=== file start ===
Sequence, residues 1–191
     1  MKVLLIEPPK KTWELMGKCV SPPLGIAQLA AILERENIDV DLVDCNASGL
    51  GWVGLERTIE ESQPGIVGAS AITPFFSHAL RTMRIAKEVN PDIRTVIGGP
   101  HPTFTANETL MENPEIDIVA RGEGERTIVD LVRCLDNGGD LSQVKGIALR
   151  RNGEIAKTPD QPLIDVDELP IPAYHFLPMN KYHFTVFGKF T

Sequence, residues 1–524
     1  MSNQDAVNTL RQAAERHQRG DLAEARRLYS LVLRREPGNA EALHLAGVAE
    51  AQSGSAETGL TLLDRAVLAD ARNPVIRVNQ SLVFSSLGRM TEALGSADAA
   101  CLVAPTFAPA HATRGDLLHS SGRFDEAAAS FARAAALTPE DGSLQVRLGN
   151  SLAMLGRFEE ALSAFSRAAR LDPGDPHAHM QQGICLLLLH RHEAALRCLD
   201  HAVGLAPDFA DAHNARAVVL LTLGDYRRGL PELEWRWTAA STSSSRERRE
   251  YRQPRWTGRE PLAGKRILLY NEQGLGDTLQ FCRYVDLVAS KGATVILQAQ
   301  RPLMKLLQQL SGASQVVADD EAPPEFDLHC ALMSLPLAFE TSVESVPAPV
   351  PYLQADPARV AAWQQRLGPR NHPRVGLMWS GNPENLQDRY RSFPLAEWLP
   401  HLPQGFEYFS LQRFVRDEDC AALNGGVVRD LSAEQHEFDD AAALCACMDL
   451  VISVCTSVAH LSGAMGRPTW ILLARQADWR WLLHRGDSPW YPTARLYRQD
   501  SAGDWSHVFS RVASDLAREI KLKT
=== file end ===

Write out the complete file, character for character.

Sequence, residues 1–191
     1  MKVLLIEPPK KTWELMGKCV SPPLGIAQLA AILERENIDV DLVDCNASGL
    51  GWVGLERTIE ESQPGIVGAS AITPFFSHAL RTMRIAKEVN PDIRTVIGGP
   101  HPTFTANETL MENPEIDIVA RGEGERTIVD LVRCLDNGGD LSQVKGIALR
   151  RNGEIAKTPD QPLIDVDELP IPAYHFLPMN KYHFTVFGKF T

Sequence, residues 1–524
     1  MSNQDAVNTL RQAAERHQRG DLAEARRLYS LVLRREPGNA EALHLAGVAE
    51  AQSGSAETGL TLLDRAVLAD ARNPVIRVNQ SLVFSSLGRM TEALGSADAA
   101  CLVAPTFAPA HATRGDLLHS SGRFDEAAAS FARAAALTPE DGSLQVRLGN
   151  SLAMLGRFEE ALSAFSRAAR LDPGDPHAHM QQGICLLLLH RHEAALRCLD
   201  HAVGLAPDFA DAHNARAVVL LTLGDYRRGL PELEWRWTAA STSSSRERRE
   251  YRQPRWTGRE PLAGKRILLY NEQGLGDTLQ FCRYVDLVAS KGATVILQAQ
   301  RPLMKLLQQL SGASQVVADD EAPPEFDLHC ALMSLPLAFE TSVESVPAPV
   351  PYLQADPARV AAWQQRLGPR NHPRVGLMWS GNPENLQDRY RSFPLAEWLP
   401  HLPQGFEYFS LQRFVRDEDC AALNGGVVRD LSAEQHEFDD AAALCACMDL
   451  VISVCTSVAH LSGAMGRPTW ILLARQADWR WLLHRGDSPW YPTARLYRQD
   501  SAGDWSHVFS RVASDLAREI KLKT